By Dr. Michael Bredeson, Ecdysis Research Scientist
We can’t hope to fight off an illness or rebuild an economy without being properly nourished. A civilization’s food supply is the very foundation by which the physical and economic wellbeing of a nation’s populous is built. The current pandemic gives us a timely opportunity to look at the way we produce and distribute food. Have we built a resilient system which we can depend on, or is COVID-19 highlighting the cracks in a fragile agricultural industry dependent on a web of global infrastructure?
In the last 100 years, food production has trended away from local production and distribution, toward specialization and industrialization. What does this mean? Entire regions, some as large as the great plains, are dedicated to growing just one or two crop species. Large supplies are then trucked, trained, or sailed across the globe.
Alarmingly, specialization has brought about production of certain foods in a select few locations. Need some pizza sauce for dinner tonight? Ninety-five percent of tomatoes bound for processing in the US are grown in California’s Central Valley. This is despite most agricultural regions in the US having climates well suited for growing this staple crop. Tomatoes aren’t alone. This production model is the norm. It appears we are breaking the age-old rule, don’t put all your eggs in one basket.
Is it a bad thing for the agricultural sector to be specialized? At first glance, centralized growing and processing of crops seems efficient and cost-effective. Farmers and manufacturers can streamline production by investing in equipment and infrastructure to process crops on a large scale to be sent around the world. This system has functioned for a time, but research and experience now show us that the proverbial “cracks” in agriculture’s foundation, formed by industrialization and a simplified farming landscape, are becoming wider fissures, threatening economies and societies built on food.
Drawbacks of a simplified agricultural industry:
1) Global food supply chains dependent on industrialized agriculture to maintain supplies must stay productive in the midst of crises like pandemics, climate change or political unrest. Reliance on these potentially volatile situations remaining unfraught results in an increasingly fragile food supply chain. We can draw on an example of this currently playing out on the global marketplace today. COVID-19, the cause of a pandemic disrupting nearly every aspect of our lives, is resulting in food shortages where the virus is hitting hardest.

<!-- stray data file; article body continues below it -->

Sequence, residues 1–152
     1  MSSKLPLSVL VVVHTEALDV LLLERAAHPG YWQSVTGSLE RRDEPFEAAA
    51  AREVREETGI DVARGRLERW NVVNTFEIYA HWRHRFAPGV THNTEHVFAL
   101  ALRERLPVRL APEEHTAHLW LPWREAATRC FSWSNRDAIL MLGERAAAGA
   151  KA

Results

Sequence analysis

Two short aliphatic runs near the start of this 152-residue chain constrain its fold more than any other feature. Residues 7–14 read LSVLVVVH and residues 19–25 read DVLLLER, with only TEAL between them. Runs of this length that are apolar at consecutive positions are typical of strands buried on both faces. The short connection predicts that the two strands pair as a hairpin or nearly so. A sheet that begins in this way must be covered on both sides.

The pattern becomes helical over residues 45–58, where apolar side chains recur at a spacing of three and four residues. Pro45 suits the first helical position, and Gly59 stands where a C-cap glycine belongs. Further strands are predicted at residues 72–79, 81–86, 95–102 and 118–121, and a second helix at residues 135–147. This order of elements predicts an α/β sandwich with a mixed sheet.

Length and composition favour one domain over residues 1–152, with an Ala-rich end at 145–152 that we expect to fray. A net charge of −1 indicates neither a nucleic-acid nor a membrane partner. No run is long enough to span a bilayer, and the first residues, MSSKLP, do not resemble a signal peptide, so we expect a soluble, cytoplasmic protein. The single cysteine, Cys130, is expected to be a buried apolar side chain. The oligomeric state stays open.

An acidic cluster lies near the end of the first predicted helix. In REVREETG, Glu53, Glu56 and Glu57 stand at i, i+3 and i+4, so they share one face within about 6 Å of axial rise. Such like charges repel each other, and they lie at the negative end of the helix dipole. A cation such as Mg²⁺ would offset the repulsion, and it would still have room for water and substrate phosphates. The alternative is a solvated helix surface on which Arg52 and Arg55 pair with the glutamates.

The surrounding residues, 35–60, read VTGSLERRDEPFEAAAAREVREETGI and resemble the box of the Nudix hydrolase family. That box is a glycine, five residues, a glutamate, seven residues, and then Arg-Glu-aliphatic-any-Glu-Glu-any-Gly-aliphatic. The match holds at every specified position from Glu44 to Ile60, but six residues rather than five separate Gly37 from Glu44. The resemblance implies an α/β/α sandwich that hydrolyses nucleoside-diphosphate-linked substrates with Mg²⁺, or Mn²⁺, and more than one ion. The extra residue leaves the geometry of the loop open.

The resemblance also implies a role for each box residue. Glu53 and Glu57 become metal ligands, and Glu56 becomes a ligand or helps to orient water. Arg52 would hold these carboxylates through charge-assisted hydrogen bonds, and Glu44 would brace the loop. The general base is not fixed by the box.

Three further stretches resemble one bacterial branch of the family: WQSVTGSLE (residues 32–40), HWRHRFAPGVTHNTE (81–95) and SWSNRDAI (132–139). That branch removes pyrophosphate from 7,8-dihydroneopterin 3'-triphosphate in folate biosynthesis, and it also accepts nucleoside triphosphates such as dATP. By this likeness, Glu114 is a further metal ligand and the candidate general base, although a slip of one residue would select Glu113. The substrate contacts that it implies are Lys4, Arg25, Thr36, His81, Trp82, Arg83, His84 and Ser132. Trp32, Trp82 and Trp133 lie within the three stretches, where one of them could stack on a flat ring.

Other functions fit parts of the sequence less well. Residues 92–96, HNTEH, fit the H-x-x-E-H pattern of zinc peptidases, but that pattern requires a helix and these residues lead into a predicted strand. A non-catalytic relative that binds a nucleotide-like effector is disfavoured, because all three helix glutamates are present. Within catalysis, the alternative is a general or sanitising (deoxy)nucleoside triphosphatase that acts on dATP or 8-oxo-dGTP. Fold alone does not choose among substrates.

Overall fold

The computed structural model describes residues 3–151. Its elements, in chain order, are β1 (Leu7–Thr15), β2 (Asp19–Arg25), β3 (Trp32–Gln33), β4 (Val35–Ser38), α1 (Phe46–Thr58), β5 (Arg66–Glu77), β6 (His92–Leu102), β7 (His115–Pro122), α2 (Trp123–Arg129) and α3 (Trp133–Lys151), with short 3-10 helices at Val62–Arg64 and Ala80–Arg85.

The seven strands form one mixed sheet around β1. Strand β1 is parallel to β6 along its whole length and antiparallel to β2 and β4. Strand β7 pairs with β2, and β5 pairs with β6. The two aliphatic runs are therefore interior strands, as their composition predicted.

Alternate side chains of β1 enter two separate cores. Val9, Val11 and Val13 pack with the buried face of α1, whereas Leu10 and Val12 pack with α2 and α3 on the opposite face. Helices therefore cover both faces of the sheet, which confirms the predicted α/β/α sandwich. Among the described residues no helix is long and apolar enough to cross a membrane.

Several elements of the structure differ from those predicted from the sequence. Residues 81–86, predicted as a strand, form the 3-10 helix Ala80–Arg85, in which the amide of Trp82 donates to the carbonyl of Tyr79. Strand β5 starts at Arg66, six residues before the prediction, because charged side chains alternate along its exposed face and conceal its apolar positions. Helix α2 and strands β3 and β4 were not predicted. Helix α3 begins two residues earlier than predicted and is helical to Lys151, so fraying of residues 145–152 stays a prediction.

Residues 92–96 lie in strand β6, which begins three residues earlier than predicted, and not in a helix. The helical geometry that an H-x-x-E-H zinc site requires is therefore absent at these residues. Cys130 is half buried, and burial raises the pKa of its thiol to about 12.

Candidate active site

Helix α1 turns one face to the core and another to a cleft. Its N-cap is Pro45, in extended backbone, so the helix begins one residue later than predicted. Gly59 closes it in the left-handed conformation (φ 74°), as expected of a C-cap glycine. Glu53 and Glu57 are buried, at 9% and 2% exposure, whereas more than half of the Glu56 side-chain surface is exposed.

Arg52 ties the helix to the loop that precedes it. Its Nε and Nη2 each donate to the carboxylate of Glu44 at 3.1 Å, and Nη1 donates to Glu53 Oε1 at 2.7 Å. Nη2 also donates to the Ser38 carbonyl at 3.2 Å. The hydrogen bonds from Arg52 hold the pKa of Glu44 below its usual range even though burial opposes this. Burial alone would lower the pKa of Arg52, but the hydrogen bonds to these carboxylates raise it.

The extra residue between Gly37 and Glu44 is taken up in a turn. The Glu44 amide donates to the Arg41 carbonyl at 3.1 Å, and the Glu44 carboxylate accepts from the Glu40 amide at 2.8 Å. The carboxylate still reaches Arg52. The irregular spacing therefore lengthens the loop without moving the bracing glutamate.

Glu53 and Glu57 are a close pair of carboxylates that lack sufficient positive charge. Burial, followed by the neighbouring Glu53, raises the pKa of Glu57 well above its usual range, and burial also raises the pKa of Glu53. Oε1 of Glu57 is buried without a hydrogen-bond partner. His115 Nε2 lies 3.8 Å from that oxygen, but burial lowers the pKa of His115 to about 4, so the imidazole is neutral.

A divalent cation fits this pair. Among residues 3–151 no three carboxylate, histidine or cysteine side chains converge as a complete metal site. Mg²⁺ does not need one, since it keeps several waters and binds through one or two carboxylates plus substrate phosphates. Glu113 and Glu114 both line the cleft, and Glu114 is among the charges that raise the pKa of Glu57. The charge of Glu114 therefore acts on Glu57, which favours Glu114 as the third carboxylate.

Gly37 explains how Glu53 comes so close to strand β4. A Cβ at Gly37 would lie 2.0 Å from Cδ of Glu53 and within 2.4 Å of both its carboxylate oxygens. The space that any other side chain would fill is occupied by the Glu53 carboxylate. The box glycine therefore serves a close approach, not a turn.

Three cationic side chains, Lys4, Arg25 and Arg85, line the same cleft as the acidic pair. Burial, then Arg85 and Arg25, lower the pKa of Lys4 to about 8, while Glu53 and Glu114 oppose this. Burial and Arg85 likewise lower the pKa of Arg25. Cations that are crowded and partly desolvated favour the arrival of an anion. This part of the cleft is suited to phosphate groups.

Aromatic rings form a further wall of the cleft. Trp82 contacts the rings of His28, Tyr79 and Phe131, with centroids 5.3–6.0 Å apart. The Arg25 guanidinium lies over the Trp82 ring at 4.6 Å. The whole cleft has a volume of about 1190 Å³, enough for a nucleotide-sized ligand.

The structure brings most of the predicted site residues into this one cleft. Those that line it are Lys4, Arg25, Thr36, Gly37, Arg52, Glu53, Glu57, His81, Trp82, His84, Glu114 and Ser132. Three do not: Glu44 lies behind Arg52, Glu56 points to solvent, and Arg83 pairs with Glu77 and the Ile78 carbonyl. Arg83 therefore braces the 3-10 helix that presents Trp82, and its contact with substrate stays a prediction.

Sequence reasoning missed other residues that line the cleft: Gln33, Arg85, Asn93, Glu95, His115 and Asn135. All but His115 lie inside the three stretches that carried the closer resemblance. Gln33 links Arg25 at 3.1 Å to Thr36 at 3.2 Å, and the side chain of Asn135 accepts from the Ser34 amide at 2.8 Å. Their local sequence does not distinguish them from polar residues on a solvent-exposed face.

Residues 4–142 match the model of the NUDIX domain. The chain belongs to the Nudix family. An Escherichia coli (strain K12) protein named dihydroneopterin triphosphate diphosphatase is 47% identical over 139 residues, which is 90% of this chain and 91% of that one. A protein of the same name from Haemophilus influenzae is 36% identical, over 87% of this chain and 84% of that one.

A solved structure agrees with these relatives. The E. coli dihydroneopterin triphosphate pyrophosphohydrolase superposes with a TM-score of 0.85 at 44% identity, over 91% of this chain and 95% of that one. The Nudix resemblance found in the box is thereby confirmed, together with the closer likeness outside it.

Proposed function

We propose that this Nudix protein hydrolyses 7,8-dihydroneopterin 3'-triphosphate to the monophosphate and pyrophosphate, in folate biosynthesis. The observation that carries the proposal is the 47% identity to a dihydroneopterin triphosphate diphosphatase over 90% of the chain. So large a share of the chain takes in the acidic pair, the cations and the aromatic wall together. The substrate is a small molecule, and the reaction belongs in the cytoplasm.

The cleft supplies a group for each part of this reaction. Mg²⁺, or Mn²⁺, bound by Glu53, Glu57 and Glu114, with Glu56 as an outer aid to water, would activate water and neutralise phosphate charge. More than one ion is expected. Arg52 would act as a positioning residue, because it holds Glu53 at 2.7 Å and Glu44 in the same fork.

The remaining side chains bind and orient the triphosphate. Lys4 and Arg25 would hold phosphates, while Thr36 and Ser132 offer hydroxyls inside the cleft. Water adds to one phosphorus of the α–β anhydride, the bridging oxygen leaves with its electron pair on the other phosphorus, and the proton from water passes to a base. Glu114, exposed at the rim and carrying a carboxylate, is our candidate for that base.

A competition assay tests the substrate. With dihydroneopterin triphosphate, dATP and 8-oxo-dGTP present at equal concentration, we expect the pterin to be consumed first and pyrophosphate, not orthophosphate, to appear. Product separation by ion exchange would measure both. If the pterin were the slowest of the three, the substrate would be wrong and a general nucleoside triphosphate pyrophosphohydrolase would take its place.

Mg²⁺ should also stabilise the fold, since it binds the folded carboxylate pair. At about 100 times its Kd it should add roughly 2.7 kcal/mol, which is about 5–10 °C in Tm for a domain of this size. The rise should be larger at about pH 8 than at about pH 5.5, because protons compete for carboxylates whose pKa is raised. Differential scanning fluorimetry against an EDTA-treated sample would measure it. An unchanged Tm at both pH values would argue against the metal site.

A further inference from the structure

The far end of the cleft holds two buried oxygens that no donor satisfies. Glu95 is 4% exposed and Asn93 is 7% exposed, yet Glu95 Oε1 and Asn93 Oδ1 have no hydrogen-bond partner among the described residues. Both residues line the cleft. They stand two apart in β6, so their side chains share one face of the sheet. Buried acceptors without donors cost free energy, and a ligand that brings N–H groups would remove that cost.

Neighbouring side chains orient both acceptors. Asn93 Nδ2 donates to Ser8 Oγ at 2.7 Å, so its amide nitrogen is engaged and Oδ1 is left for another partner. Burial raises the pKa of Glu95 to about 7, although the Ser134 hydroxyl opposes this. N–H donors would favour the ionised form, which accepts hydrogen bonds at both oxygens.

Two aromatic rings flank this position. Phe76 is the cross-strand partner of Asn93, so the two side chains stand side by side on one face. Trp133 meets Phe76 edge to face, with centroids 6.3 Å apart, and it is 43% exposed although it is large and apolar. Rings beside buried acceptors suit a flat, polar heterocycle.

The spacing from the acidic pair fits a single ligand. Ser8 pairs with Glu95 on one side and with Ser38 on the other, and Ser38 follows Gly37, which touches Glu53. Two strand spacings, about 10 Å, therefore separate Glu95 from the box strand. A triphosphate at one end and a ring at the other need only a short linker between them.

2) A side effect of globalized food chains is the deterioration of once highly productive farmland and contamination of fresh water. Simplified crop rotations and large-scale monocultures require inputs of fertilizer and pesticides and tillage to maintain productivity, and prevent disease and pest outbreaks.
3) Rural economies suffer from a transition to simplified cropping systems as a result of fewer farmers managing larger tracts of land and fewer supporting industries necessary to maintain diversified farms. This phenomenon is easily seen across corn and soybean farming country of the Midwest. Feed mills, seed cleaners, livestock barns, machine repair shops and local grocery stores are shuttered in countless small towns. In many of these communities the only growing businesses are fertilizer and agrichemical providers, employing a handful of locals to spread fertilizer and chemicals on degraded soils requiring additional inputs to remain productive.